Of course they know they wont be around when the final disaster strikes. It wont happen on their watch. But it will happen because they didn’t start steering things in the right direction on their watch. No massive program will be able to ameliorate the damage if they let it happen by doing nothing now.
Even if they are not going to combat Global Warming at state and local level, they could at least start planning what we do for the millions of people displaced and pauperized by the disaster of our making.
Where do the refugees go? How will they live? Where will the funds come from? How will we handle the loss of world and local trade?
The people are being lulled into a never-never land where everything goes along as usual until tragedy hits them.
The carefully couched reports say what is going to happen but they aren’t blunt enough. The fate of our children and their offspring are at stake.
One of Scott’s ads shows him disdaining the news media, but concentrating on his grandson. It is warm and fuzzy but not backed up by what he is doing for the child’s future world.
Come on, people, everything you have is on the line especially in South Florida.
I’m no scientist but I can see what has happened through the ages on earth. I can see what is happening now and I don’t need a man in a lab coat to tell me our way of life is threatened.
Let’s demand action not words and restore the balance of nature.
Increase the use of solar and wind powers, reduce dependency on fossil fuels, cut down on carbon emissions. Reduce dependency on pesticides and fertilizers.
And start now.

The Early Times 5

Aunt Georgia, she didn’t like being called “Aunt,” had a toy Boston Bull Terrier named “Peggy.” She was a pretty dog, deep chocolate brown almost black fur with snow white markings on her face and chest. She was small and lively.
Peggy took her position as pet and guard dog seriously, letting us know whenever any one approached the house.
Her favorite post was in the front window where she could see the sidewalk and street about 15 feet away. In the winter time, she slept on the furnace register where the warm air came in.
About a mile away, the Bergdoll family had a farm where they raised Great Danes. Each afternoon, trainers would walk the huge dogs for miles, some coming passed our house on East Lake Drive.Usually they just raced past because the dogs liked to run.
The scion the Danes was a big dog named Rajah. The handlers walked him solo, not with other dogs, and Rajah didn’t run, he paraded down the street.
One day, he discovered Peggy watching him. He stopped, came into the yard and stood on his hind legs with his front paws on the outside sill of the window. The two dogs touched noses through the screen and spent some time staring at each other. Then his handler coaxed into the leaving.
After that, every afternoon Rajah would come to visit. Grandmother said she thought they were in love.
Peggy also was a big part of our lives. In Spring and Summer, we played chase and catch the ball with her. In winter, when it got cold in Atlanta she figured in another recreation.
Georgia was a book lover first class and on cold nights after we had done homework, chores and had dinner, she would read to us. It was not a passive process, we had to act out what she was reading.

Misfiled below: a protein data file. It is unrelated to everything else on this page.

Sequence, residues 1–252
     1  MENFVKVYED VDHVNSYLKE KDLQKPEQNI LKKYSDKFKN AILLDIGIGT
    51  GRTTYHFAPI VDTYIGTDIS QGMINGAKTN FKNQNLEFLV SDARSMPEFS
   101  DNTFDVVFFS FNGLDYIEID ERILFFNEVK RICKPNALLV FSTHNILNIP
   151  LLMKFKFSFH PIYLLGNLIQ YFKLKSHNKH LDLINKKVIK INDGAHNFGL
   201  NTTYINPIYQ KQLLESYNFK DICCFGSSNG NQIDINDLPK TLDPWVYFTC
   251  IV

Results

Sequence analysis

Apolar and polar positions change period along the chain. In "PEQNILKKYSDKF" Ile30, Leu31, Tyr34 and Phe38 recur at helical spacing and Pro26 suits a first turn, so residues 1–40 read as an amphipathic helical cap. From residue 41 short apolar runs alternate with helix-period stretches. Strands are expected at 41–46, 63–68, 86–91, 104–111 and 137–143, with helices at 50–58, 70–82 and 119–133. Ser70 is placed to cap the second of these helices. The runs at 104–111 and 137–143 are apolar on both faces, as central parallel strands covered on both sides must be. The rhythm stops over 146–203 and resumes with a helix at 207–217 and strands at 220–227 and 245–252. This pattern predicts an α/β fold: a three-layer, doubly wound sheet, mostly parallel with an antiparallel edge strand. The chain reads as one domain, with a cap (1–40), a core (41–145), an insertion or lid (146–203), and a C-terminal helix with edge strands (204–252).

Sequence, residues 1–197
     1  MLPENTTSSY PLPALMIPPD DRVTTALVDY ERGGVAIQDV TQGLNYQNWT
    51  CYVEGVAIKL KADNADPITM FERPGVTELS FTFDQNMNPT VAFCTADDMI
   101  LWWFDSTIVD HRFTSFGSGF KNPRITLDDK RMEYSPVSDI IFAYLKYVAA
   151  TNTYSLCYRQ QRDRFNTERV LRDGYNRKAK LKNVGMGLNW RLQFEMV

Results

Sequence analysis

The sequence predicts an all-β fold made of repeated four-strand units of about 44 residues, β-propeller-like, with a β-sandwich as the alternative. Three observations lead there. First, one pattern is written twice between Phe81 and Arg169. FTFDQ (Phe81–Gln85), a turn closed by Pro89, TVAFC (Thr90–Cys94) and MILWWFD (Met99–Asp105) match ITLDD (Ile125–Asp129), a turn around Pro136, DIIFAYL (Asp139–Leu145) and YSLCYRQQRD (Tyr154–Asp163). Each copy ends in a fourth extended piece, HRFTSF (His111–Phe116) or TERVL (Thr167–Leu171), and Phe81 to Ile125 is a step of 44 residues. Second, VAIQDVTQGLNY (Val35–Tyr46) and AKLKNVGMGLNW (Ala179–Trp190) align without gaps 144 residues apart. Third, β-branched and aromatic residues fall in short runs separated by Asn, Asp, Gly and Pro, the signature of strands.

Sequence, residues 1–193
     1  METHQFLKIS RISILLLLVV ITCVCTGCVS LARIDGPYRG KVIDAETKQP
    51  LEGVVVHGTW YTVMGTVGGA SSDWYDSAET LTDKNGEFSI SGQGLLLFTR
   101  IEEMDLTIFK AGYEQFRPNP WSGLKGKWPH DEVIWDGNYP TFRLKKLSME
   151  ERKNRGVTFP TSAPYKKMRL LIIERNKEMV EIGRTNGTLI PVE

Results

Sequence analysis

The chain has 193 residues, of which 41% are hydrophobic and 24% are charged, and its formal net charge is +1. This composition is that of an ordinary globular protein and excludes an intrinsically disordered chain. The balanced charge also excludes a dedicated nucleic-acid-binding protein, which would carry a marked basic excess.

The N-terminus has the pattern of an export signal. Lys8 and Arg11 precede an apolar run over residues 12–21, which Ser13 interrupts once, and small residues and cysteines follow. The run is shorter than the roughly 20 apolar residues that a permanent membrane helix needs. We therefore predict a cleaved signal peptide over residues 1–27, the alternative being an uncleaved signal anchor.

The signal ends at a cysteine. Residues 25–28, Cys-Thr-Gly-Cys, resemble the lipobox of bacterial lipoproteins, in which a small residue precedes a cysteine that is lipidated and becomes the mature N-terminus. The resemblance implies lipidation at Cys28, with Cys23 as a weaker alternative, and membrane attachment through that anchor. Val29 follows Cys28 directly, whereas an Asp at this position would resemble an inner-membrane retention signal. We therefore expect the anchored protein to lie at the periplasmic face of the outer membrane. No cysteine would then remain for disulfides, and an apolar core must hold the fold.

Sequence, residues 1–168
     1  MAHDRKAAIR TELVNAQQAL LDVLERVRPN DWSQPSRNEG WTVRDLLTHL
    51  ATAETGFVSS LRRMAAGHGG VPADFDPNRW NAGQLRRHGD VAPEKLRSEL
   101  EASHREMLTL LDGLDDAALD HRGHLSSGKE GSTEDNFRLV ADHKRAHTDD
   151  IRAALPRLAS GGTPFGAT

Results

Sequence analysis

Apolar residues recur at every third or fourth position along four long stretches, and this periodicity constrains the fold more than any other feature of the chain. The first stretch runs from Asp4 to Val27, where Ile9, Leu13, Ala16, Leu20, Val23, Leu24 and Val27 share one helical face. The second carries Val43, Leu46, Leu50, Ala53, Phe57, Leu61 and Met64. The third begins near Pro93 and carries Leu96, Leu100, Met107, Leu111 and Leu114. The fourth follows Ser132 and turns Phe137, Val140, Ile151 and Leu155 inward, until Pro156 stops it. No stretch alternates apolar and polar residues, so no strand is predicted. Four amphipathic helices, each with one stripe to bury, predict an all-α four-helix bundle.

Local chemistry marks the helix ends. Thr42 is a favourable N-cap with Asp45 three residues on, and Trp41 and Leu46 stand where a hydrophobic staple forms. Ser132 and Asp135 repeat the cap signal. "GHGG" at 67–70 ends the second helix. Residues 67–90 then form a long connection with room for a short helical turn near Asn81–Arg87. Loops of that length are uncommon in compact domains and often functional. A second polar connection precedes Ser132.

One night it was a story about lion hunting in Africa. The house became Africa, couches were mountains, chairs were hills and tables were caves. Peggy didn’t know it but she was cast in the role of the lion. She slept blissfully on the register was we kids, armed with broomstick rifles, crept and crawled over hills into caves in Africa. Georgia would direct us where to go.
Finally, we were grouped in front of a “mountain” behind which Peggy slept unawares.
At Georgia’s signal, we three boys went over the couch, shouting “Bang! Bang!” Peggy was startled and fled into the pantry and hid under a shelf of home canned peaches.
The hunt was over and we were sent off to bed. I don’t know when Peggy came out of the pantry.

Armed Forces Day

Armed Forces Day is when we honor our serving military personnel. But how do we do that?

Parades? That makes the honorees work.

Speeches? They hear enough of them.

Parties? You can’t invite them all.

It is harder than that!!

You have to work at home to defend the democratic republic we have, not just trust in automatic government.

Stop voting for servants of a would be oligarchy. Vote for people who will look for the common good, take a long range views of their mission and provide for the general welfare of all, both this generation and that come after it. People who will protect our environment so that future generations will have pure water, air and food. Build up our education system not dumb it down.

Cherish and defend the rights and privileges that make us the most desired place to live on this planet.

Thank a vet or active duty person for their service is nice, but it is only a cop out if you don’t keep what we defended

The Early Times

Sitting at home in a nearly empty house with my car in the shop for several days. And, being retired, there is not much to do but remember.

I was born in Atlanta, Georgia, during the Great Depression. When my father left my mother before my sister was born, we moved out to East Lake to live with my Grandmother and Aunt. Continue reading

The Early Times 2

Everyone probably has an stereotype image of a Hobo. During the Great Depression there were a lot of them Mostly, the were ordinary people facing hard times. There were no social networks to help them and they traveled a lot looking for a better life. Usually they were not welcome in communities because they competed for low level jobs with the locals. Continue reading